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Use Intentional Distortion For Xtreme Power!

7:21 am Home Recording

Distorted waveformWe spend a lot of time in our studios avoiding distortion. Watching the gain structure, making sure we aren’t clipping, using compressors and limiters to put the kibosh on high-level transients. But could there ever be a time when distortion would be good? And how do you get it if you want it?

Of course, we know that distortion can be good. Techno and industrial music use a lot of distorted keyboard-type sounds. We’ve all heard of distortion pedals for guitar. But what about distorted vocals? Or piano? Harmonica? In this age where every sound is sampled and twisted by someone, it shouldn’t seem too strange to add distortion to your music in unexpected ways.

Normally, you want to record a clean signal on the actual track, then add effects to it at mixing time. That way you can change your mind about which effect to use and how much of it to apply. If the track had been recorded with a lot of reverb already on it, there is no way to remove the reverb if you decide you don’t like it while you’re mixing the song.

As it turns out, distortion is actually easier to add while you are recording. Your options for adding distortion at mixing time are fairly limited, requiring an internal or external effects unit with one or more distortion settings (no doubt intended for use on guitar tracks) set up in a send-return loop. This “electronic” distortion, based on a digital algorithm, will sound different (and probably less satisfying) than the warmer “overload” distortion you can get from overdriving one of the input stages during recording.

Lost In Space

I was working on a 5-song concept CD called “Spaceship,” one of whose songs is about being captured and examined by aliens. (Just your typical song subject.) Since the lyrics were from the aliens’ point of view, I figured the vocals should sound threatening in some way.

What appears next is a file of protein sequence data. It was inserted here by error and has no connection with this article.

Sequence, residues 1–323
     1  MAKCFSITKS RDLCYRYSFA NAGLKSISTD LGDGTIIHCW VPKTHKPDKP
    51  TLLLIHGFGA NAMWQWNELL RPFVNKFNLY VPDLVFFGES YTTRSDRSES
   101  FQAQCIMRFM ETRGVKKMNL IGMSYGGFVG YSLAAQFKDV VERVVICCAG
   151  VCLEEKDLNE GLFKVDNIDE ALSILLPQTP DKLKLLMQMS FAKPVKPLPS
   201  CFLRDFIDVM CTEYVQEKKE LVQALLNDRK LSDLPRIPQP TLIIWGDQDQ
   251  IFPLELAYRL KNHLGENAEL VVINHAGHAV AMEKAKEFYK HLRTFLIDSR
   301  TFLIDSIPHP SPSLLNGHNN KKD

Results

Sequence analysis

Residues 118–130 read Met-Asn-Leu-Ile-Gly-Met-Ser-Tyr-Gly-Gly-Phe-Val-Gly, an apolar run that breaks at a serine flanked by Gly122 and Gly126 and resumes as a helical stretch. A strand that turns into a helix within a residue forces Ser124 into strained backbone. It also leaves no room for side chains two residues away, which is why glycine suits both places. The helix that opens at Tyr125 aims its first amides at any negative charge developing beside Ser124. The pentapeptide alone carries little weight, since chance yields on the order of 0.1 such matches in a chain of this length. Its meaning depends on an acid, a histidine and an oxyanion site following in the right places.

I ended up turning the level way up right at the mike preamp, then turning subsequent stages down to compensate. You can hear the results on the vocal for the mercifully short “Examine You” (mp3, chords, lyrics). Since the song was already in the “Weird” bin, I also dialed in the most outrageous settings I could find on my studio effects boxes during tracking and mixing.

Depending on your specific gear and how your studio is set up, you may want to overload some input stage other than the first one to get the exact kind of distortion you want. You can turn the channel trim way up, or the channel fader, or the mixer output, or the recorder input pad, and so on down the line. Experimentation is very much in order. Your results may vary.

Of course, a song doesn’t have to be as off-the-wall as “Examine You” to benefit from a slight edge of distortion on the vocals. An absolutely pure, distortion-free vocal has an immediate, ultra-real effect to it, which is great for an intimate song, but your song may need a distancing effect instead. Distorting the vocal makes it seem ever so slightly less human and introduces an element of imbalance or even menace (like from aliens). It might be worth a try!

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Examine You (Bendig) (mp3, chords, lyrics)
Mark Bendig: vocals, guitars, drums
Jack Burgess: bass

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